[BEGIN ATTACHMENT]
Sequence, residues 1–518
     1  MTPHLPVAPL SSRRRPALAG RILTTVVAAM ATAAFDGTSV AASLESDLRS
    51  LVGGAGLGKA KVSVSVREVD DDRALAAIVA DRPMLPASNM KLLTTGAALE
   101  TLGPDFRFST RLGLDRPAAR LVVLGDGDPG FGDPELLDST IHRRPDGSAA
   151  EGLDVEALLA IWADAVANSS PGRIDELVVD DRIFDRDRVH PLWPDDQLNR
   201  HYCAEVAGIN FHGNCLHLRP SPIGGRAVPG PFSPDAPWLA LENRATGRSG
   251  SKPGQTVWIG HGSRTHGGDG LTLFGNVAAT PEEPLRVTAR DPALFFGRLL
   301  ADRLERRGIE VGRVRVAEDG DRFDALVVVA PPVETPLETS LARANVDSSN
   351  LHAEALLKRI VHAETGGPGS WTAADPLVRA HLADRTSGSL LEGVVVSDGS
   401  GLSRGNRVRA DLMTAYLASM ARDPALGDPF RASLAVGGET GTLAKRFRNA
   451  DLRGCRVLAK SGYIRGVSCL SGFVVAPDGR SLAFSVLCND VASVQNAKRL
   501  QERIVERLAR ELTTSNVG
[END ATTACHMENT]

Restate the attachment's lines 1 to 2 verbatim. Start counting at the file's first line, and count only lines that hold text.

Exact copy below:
Sequence, residues 1–518
     1  MTPHLPVAPL SSRRRPALAG RILTTVVAAM ATAAFDGTSV AASLESDLRS